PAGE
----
When you think about it, censure or reprimand can be more damaging to a House member than outright expulsion. An expelled member can stick it to Congress by running again and winning their vacated seat, something Greene could very well do, thereby daring the House to disrespect voters by kicking her out again. But censure and reprimand impose on members the stink of living death. Congress bestows the greatest legislative power on members who know how to work with other members, who can deal and trade and wheedle. Lone wolves who have been censured can continue to walk the halls of Congress, but fewer and fewer members choose to have anything to do with them. Journalists, sensing their powerlessness, tend to ignore them, too, except to file stories about how pathetic they are. Like being stripped of committee positions, censure and reprimand diminish an individual member’s power to almost zero, leaving them with little more than the power to boss a staff around, collect a paycheck, stage fundraisers, command a bully pulpit (on the hope that someone will listen), and use franking privileges.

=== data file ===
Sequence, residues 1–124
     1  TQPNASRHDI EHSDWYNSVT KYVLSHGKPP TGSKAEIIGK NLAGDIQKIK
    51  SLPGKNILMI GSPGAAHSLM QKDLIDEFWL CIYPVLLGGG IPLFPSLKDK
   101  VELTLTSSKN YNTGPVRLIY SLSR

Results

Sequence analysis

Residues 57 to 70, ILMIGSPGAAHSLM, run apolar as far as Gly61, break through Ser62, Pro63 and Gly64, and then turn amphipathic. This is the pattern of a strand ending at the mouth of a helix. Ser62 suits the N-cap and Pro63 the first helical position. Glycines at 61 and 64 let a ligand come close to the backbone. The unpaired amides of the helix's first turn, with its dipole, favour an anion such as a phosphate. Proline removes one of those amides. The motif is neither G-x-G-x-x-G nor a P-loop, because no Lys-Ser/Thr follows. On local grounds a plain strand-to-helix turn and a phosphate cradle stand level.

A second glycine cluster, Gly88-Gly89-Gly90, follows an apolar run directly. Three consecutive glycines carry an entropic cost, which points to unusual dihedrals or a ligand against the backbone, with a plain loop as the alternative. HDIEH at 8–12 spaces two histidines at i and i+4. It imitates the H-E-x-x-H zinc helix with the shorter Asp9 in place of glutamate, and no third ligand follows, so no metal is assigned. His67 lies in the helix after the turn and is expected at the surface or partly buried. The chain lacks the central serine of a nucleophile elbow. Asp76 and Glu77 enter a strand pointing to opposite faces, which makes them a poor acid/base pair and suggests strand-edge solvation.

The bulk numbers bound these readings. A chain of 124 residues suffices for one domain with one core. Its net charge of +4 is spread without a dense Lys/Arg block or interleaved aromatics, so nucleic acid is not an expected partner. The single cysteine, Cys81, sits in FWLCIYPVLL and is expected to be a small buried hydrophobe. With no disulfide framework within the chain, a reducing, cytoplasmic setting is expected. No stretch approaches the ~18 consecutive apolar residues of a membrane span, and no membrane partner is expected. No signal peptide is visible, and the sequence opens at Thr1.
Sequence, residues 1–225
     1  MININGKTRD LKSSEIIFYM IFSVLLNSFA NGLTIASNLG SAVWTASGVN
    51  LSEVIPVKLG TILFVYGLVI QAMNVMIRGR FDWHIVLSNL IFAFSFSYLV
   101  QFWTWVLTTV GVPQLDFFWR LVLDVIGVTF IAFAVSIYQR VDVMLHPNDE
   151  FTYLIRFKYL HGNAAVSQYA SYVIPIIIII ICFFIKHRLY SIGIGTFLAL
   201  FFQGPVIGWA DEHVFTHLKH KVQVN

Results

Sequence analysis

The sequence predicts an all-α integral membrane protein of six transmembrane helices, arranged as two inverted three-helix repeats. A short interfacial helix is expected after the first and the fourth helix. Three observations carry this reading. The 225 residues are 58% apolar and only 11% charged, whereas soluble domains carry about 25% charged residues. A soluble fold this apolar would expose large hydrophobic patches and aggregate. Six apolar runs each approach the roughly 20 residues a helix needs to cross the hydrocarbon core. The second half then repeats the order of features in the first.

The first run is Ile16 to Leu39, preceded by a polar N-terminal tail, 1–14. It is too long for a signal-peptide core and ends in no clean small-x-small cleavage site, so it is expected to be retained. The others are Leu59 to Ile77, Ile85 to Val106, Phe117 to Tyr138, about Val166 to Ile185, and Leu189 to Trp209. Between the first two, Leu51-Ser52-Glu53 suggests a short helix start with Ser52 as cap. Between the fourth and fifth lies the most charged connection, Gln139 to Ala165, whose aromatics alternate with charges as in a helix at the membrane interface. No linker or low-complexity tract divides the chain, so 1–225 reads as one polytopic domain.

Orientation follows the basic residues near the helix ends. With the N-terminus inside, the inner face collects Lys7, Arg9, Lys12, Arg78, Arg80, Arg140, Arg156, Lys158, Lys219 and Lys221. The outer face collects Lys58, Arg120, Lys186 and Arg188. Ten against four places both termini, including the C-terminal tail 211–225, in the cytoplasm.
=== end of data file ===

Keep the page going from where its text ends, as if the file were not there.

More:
Serving without power as a zombie congresswoman could actually appeal to Greene. She could easily shrug off the shame of censure, reprimand and loss of her committee assignment without missing a beat. Until the party rebukes her—a party that remains loyal to Trump—she just might have a lock on her seat.